Boris Johnson on Tuesday promised unswerving support for his successor Liz Truss, as he left Downing Street for the final time as British prime minister to tender his resignation.
Johnson, whose tenure was dominated by Brexit and Covid and cut short by scandal, bid farewell to cheers and applause from supporters before heading for an audience with Queen Elizabeth II.
In a typical rhetorical flourish, he likened himself to “one of those booster rockets that has fulfilled its function” and would splash down “in a remote and obscure corner of the Pacific”.
But he promised: “I will be supporting Liz Truss and the new government every step of the way.”
And he urged his ruling Conservative party to put aside their differences to tackle the energy crisis that looks set to dominate Truss’s immediate future.
“If Dilyn (his dog) and Larry (the Downing Street cat) can put behind them their occasional difficulties then so can the Conservative party,” he added.
Normally the handover of power in Britain is a swift affair, with the outgoing and incoming leaders making a short trip to Buckingham Palace in central London in quick succession.
But both Johnson and Truss face a 1,000-mile (1,600-kilometre) round trip to the head of state’s remote Balmoral retreat in the Scottish Highlands.
The queen opted not to return from her annual summer break for the brief ceremonial audience, after persistent health issues that have affected her ability to walk and stand.
Johnson is due to arrive at 11:20 am (1020 GMT) at Balmoral, with Truss expected at 12:10 pm, royal officials said.
At the meeting, which should last about 30 minutes, she will ask Truss, as the leader of the largest party in parliament, to form a government.
Truss, 47, was announced winner of an internal vote of Conservative party members on Monday, after a gruelling contest that began in July.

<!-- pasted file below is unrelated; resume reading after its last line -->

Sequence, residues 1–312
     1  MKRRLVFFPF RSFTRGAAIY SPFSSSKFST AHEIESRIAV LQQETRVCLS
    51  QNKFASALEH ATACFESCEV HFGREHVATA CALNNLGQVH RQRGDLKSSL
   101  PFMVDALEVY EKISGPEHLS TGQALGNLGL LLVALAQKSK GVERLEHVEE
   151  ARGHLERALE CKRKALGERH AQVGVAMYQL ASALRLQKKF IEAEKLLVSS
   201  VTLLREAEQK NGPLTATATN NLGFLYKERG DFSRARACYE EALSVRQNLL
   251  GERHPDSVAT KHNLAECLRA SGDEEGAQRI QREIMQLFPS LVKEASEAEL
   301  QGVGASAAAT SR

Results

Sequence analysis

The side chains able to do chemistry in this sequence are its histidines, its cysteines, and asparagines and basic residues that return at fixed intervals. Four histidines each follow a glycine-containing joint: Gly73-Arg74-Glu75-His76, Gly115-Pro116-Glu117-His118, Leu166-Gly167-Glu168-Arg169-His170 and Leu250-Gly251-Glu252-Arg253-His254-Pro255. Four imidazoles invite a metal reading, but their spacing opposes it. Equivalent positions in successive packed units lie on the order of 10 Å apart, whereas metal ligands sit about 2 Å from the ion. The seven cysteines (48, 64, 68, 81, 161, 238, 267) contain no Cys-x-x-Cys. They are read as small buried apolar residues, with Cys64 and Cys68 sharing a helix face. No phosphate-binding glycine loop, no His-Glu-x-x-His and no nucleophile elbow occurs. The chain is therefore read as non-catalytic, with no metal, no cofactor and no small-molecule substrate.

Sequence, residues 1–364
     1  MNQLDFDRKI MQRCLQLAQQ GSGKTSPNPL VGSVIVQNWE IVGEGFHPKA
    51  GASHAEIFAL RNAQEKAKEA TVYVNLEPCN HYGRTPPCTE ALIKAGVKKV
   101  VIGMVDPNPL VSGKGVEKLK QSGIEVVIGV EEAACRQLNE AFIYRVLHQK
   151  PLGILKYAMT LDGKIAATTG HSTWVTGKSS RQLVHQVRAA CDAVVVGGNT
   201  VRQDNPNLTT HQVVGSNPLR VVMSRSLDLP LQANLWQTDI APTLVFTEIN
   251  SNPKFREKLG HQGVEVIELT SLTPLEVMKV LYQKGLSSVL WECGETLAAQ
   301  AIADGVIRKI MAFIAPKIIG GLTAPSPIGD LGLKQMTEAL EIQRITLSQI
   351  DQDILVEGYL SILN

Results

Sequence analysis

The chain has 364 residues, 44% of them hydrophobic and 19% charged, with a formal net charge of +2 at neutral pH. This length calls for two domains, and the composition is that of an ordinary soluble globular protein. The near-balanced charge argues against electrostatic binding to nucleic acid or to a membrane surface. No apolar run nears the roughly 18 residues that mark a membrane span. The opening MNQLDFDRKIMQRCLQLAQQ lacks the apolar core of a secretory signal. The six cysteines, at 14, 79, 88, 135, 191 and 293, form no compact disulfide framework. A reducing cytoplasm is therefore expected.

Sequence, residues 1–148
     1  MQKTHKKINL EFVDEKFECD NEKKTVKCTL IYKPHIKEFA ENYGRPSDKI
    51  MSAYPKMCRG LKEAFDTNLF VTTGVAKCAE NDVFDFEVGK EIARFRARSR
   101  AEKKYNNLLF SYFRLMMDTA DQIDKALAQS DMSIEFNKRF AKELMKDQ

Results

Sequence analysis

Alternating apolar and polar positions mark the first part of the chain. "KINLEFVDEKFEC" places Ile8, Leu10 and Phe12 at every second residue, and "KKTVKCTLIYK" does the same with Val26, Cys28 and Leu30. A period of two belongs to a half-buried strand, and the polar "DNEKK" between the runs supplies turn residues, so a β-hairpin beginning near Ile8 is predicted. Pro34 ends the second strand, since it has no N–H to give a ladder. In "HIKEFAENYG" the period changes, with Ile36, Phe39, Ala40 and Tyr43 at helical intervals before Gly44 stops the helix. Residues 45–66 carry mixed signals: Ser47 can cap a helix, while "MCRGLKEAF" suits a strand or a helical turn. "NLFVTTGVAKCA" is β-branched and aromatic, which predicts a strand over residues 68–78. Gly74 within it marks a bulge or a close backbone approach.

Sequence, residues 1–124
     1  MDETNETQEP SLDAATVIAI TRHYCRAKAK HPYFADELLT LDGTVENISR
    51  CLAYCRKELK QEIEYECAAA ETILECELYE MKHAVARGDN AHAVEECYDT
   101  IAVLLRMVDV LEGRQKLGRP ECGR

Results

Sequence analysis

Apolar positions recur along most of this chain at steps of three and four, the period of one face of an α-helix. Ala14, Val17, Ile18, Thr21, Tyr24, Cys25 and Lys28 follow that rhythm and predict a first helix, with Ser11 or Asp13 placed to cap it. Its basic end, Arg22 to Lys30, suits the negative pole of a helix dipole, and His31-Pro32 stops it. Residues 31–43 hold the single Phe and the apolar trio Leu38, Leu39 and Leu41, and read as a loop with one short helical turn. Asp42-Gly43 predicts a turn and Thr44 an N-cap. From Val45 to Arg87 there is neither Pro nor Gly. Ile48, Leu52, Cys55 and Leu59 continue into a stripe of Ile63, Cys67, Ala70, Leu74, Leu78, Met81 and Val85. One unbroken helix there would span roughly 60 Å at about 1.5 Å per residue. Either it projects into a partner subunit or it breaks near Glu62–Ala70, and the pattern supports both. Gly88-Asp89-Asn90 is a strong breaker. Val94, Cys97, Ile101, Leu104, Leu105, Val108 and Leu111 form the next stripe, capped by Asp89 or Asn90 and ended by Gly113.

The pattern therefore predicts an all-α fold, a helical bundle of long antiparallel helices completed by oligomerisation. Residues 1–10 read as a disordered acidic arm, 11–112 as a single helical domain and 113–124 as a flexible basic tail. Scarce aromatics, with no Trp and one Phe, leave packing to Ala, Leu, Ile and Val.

All eyes will be on her return to the British capital and first address as prime minister, which is expected to take place outside 10 Downing Street on Tuesday afternoon — weather permitting.
Heavy rain and storms are forecast, mirroring the gloomy economic situation that she and her new senior ministers will have to tackle from day one.
The appointments are due to be finalised before she hosts her first cabinet meeting and faces questions in parliament on Wednesday.
Business secretary Kwasi Kwarteng is expected to become finance minister, with attorney general Suella Braverman moved to the tricky brief of home secretary, and James Cleverly to foreign affairs.
If confirmed, it would mean no white men in any of Britain’s four main ministerial posts for the first time ever.
Truss faces a daunting to-do list, with the UK in the grip of its worst economic crisis in decades.
Inflation is rampant and running at 40-year highs of 10.1 percent, with predictions of worse to come and recession as winter bites.
Households face an 80 percent increase in gas and electricity bills from October, while businesses warn they could go to the wall from even bigger hikes.
Truss, who touts herself as a free-market liberal, has promised tax cuts to stimulate growth, despite warnings that greater borrowing could make inflation worse.
British media reported on Tuesday that she would freeze energy bills.
The contrast to her beaten leadership rival Rishi Sunak’s more cautious approach has opened another rift in the Conservative party that was already divided by Johnson’s departure.
Recent opinion polls suggest a sizeable chunk of the British public have no faith in her ability to tackle the cost-of-living crisis.
A new poll by YouGov said only 14 percent expect Truss to do a better job than Johnson.
Johnson, 58, remains popular among grassroots Tories as a charismatic election winner, who took the country out of the European Union.
Despite repeated accusations of corruption and cronyism during his tenure, and an unprecedented police fine for breaking his own lockdown rules, Johnson is said to be smarting at having to leave.
Speculation has swirled that he could bide his time for a comeback, particularly if Truss struggles to overcome the country’s many problems.
On Tuesday, Johnson said he would “return to his plough”, like the Roman statesman Cincinnatus, although Latin scholars were quick to point out that he eventually returned to politics.
In her acceptance speech on Monday, Truss ruled out seeking her own mandate from the public at an early general election, vowing victory in 2024.